Sign Up to Receive PHI Alerts

Summer Intern Spotlight: Destiny Wilson

By Jessica King (she/her) | October 9, 2023

Destiny Wilson

Matching service registries serve as platforms to connect direct care workers with home care recipients (“consumers”) and/or family caregivers. These platforms allow consumers to search for workers (known as “independent providers”) whose skills and availability align with their needs and preferences, while also enabling workers to build sufficient and sustainable work schedules.

In the summer of 2023, PHI was fortunate to host Destiny Wilson, a sophomore from Brown University, as a summer intern focusing on matching service registries. In particular, Destiny assessed website accessibility and user experiences across matching service registries, keeping equity at the forefront of her research. Destiny came to PHI via Brown University’s Careers in the Common Good program, an internship program that enables Brown undergraduate students to learn about nonprofit organizations, start-ups, and public service agencies and enhances their eligibility for jobs in these sectors after graduation.

Jessica King, PHI Research & Evaluation Associate, recently spoke with Destiny about her internship experience, what she learned, and how she plans to integrate this experience into her academic and career plans.

Jessica King: What inspired you to apply for this internship?

Destiny Wilson: I found out about this internship through the BrownConnect program and career lab and what really drew me was that it was “careers for the common good New York City.” I’m from New York City, and I’m very interested in equity issues, specifically regarding the long-term services and support (LTSS) industry, because that is a field in which equity is a big issue. In addition to that, I was driven to apply because it was policy research.

Jessica: What are some things you learned that you’ll be carrying forward with you as you return to Brown this fall?

Destiny: One of the main things I learned was how long policy research takes, so as it pertains to Brown, I’m more knowledgeable on the research process, and the different perspectives you have to take into account when doing research. For example, there were some questions I didn’t think to ask, but Lina posed them. [Lina Stepick, PHI’s Senior Research & Evaluation Associate, was Destiny’s internship supervisor.] You have to take different perspectives into account and that then influences your research. You have to be very open-minded in the research process.

Jessica: Definitely. Relatedly, how does this internship fit into your academic interests?

Destiny: At the beginning, I expressed to Lina that I was specifically interested in user experience and user design within the field of computer science. Through this internship, there were many opportunities to explore that. My analysis of matching service registries and PHI’s matching service registries’ database website focused on design questions, specifically: How would someone older and/or not tech-savvy navigate this site?  How would someone with limited time navigate this site? And, is there any consistency between the matching service registries? This internship gave me the opportunity to really adopt the lens of someone working in user experience and design.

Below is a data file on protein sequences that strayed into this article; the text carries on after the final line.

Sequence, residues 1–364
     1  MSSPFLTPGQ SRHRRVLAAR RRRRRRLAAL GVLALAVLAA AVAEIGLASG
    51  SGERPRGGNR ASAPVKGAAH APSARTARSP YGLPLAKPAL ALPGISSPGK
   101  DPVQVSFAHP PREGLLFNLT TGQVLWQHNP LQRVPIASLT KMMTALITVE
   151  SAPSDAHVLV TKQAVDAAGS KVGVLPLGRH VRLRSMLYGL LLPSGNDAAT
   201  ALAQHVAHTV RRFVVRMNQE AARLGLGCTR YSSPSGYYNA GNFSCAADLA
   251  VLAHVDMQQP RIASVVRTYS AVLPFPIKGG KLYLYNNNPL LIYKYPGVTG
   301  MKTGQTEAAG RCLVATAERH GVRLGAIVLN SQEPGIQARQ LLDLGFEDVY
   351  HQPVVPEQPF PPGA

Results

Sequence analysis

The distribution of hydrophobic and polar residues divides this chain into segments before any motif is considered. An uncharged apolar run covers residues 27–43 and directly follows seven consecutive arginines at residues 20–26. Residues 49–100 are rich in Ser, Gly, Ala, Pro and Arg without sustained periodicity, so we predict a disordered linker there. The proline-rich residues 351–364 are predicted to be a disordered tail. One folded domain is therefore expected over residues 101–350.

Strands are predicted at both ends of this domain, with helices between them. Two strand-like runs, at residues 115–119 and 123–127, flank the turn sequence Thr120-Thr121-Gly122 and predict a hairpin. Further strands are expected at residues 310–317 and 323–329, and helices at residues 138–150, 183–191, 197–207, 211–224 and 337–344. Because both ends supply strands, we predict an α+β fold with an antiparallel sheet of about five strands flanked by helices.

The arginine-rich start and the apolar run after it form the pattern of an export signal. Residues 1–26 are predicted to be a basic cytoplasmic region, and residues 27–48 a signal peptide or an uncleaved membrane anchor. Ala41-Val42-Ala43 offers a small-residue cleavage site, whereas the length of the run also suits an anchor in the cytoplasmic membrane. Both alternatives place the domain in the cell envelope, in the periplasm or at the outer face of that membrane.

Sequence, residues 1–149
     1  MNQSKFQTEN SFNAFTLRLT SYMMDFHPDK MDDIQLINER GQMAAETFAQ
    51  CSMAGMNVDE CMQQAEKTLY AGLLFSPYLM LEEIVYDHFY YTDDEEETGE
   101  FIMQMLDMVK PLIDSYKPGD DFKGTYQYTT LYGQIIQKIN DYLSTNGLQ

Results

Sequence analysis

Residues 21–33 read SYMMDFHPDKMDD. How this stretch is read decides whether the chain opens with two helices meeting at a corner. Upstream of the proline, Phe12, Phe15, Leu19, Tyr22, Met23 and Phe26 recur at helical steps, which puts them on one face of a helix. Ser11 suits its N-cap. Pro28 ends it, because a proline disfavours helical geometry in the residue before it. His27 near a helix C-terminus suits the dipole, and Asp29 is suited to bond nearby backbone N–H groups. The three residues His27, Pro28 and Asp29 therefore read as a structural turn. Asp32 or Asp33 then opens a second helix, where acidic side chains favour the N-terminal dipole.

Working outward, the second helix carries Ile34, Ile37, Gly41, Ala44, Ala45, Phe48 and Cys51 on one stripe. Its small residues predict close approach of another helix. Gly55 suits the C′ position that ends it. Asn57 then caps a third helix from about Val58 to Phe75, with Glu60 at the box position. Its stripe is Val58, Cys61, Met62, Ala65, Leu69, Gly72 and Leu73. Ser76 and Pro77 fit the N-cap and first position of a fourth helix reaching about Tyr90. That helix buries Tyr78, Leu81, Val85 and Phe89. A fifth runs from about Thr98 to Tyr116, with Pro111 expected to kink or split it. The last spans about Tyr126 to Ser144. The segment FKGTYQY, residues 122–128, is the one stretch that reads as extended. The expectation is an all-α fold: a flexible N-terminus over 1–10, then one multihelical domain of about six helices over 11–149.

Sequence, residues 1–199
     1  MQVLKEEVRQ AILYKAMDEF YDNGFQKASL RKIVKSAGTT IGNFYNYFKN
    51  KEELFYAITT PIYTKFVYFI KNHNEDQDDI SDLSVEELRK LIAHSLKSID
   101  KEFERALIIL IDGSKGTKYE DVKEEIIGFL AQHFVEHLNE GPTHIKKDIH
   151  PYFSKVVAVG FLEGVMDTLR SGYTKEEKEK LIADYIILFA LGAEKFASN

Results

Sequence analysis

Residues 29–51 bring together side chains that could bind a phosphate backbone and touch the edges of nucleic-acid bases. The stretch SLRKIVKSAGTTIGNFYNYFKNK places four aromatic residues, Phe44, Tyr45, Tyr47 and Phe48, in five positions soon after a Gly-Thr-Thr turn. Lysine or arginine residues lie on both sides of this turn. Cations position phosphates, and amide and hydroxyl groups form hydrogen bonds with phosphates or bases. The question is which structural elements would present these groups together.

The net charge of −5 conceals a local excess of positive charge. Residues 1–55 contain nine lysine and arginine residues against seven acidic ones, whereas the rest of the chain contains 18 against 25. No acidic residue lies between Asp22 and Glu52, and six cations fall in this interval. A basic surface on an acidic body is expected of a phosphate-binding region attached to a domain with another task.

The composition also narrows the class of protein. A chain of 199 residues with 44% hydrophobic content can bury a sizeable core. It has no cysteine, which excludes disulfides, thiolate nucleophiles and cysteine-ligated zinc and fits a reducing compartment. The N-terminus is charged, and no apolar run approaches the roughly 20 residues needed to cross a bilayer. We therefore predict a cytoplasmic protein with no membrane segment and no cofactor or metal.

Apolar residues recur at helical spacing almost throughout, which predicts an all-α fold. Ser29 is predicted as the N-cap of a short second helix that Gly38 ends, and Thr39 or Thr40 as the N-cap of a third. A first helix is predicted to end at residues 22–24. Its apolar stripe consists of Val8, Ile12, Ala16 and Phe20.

I also had the opportunity to communicate with Irma and learn how technology is applied in research. [Irma Rivera is PHI’s Director of Data & Technology.] This was something that I’ve always been curious about. I know tech is ever-evolving across multiple different industries, but learning about its role in PHI through my internship was really valuable.

Jessica: What was your favorite aspect of the internship? Least favorite?

Destiny: My favorite aspect was being able to integrate my interests into the internship. There was also really great communication between me and everyone, especially Lina as my direct supervisor; I was able to express anything. I also felt like there was a lot of flexibility. My least favorite part was the remote nature of the internship. Though I was able to communicate with people over Zoom and Teams, I would have liked to meet some more people in person.

Jessica: What are your top three tips for a future PHI intern?

Destiny: First, prioritize good communication. Specifically, be vocal about your interests and how you can tailor the experience. Second, time management is key. Make sure you dedicate the appropriate time and focus to what you’re doing, whether it’s between 9 to 5 or on some other schedule. And third, have patience with the research process and how time-consuming it is. It can be a little bit discouraging to not be able to find the material that is necessary to complete the research that you’re doing. But even if you’re not able to find something, that is a takeaway in itself and you can reflect on that. The process itself is something to take away as well.

The findings from Destiny’s research will be integrated into a full update of the matching service registries catalogue on the PHI website, to be completed this fall. Please contact Lina Stepick at if you have information about a new or existing matching service registry in your state or locality to share.

Caring for the Future

Our new policy report takes an extensive look at today's direct care workforce—in five installments.

Workforce Data Center

From wages to employment statistics, find the latest data on the direct care workforce.